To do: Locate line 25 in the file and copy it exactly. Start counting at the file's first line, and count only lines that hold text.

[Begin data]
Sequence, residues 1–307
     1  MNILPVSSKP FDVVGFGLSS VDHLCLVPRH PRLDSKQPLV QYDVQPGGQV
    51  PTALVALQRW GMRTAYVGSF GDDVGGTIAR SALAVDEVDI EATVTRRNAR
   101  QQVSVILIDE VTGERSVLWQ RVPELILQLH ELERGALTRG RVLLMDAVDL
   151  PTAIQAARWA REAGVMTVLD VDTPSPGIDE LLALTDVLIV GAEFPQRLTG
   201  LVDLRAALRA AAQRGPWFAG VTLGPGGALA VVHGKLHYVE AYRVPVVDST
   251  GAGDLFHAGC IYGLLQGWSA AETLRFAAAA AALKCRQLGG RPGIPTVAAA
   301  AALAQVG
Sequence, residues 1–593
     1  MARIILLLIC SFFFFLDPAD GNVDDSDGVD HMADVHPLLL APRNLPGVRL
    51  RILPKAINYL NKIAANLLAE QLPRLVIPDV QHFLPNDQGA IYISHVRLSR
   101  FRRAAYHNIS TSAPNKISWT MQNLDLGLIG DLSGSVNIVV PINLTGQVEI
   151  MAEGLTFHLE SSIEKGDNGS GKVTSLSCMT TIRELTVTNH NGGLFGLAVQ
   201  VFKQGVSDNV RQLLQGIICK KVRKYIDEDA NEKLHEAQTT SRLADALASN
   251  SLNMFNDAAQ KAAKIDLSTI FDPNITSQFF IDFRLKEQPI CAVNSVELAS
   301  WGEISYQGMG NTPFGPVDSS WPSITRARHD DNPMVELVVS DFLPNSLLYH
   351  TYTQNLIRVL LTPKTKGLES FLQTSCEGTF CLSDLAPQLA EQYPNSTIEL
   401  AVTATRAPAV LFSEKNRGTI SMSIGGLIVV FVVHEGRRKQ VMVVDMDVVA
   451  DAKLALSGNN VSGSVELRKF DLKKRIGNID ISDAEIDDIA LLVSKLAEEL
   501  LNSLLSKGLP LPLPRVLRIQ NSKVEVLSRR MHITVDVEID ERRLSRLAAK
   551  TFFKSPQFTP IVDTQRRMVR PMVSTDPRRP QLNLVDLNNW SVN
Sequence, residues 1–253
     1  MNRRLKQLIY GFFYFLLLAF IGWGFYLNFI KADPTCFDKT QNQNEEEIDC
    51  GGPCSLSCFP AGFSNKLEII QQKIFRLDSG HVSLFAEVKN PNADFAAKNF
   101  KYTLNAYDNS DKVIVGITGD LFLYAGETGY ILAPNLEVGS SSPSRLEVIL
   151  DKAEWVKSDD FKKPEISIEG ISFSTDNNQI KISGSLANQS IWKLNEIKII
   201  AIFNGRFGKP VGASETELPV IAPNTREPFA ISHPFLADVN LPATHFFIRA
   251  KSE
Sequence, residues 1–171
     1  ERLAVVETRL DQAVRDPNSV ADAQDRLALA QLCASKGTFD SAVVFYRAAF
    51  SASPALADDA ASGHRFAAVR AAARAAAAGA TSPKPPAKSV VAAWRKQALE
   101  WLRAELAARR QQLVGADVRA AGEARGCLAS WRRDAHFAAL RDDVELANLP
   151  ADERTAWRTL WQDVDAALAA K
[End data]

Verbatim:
   101  KYTLNAYDNS DKVIVGITGD LFLYAGETGY ILAPNLEVGS SSPSRLEVIL